The Prime Minister has announced that the Foreign Commonwealth Office (FCO) and The Department for International Development (DFID) will merge to create a new overseas department. The new Foreign, Commonwealth and Development Office (FCDO) will place UK Aid at the heart of what it does, leveraging the development expertise of DFID through the reach of the FCO’s global network. The merger is set to be completed by September and the new department will be led by the Foreign Secretary.
The UK has been at the heart of the international effort to tackle Covid-19, which shows the good that this country can do through our international engagement. The current crisis shows just how important it is that development and diplomatic efforts are fused together more closely, in order to maximise our international impact and make the biggest difference to people’s lives.
Now is the right time to make this change. The coronavirus pandemic has imposed fundamental changes on the way the Government operates and, if there is one further lesson, it is that a whole-government approach is just as important abroad as it is at home. By making this change now, the UK can lead the international effort on the Covid-19 recovery and renewal. The change will also mean that the new Department will be ready to deliver the outcomes of the Integrated Review that will be set out in the autumn.
The Prime Minister has provided reassurance that this is not about rolling back commitments on international development, but about pursuing them with greater effect, and that reducing poverty will remain central to the UK’s international work. The UK remains committed to spending 0.7 per cent of GNI on international development, being the only G7 country to have enshrined this in legislation.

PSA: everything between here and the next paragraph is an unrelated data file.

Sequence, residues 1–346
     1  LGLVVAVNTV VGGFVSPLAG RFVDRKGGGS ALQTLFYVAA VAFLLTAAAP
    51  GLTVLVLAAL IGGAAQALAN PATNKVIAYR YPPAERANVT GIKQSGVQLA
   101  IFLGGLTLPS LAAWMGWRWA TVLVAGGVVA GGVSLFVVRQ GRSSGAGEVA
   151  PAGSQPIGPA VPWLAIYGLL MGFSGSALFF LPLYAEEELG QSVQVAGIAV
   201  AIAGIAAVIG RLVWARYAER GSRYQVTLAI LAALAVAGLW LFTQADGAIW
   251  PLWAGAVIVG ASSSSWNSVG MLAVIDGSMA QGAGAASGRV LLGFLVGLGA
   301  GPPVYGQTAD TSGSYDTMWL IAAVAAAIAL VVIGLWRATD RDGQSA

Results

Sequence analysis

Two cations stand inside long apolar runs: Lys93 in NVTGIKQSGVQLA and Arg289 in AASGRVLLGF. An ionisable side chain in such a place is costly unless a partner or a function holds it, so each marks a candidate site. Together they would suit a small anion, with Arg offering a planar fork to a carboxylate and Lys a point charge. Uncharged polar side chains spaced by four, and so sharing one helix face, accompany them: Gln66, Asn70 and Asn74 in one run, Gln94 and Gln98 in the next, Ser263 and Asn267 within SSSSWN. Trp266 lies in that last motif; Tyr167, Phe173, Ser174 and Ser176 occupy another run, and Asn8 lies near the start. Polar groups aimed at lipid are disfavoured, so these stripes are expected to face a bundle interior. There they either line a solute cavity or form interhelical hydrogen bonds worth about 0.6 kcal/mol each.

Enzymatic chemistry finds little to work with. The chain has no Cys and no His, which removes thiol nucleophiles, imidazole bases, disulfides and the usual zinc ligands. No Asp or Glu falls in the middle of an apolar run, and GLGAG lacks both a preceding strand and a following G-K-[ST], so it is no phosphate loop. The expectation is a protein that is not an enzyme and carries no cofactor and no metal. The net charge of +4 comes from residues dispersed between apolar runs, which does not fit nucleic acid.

I have worked extensively on international development, being the previous chair of the APPG for the United Nations Global Goals for Sustainable Development, in which I worked with colleagues to ensure the 17 goals promoted by the United Nations can be achieved. The goals are focused on improvement in areas such as poverty, climate action and clean water and sanitation.
The Foreign, Commonwealth and Development Office will be accountable to parliament for how it spends UK aid. I have been assured that the Government remains committed to full transparency in our aid spending and there will continue to be parliamentary and independent scrutiny of the aid budget.
The Integrated Review of foreign policy, defence, security and international development, expected to conclude later in the year, will define the Government’s ambition for the UK’s role in the world and its outcomes will shape the objectives for the new department, including on International Aid.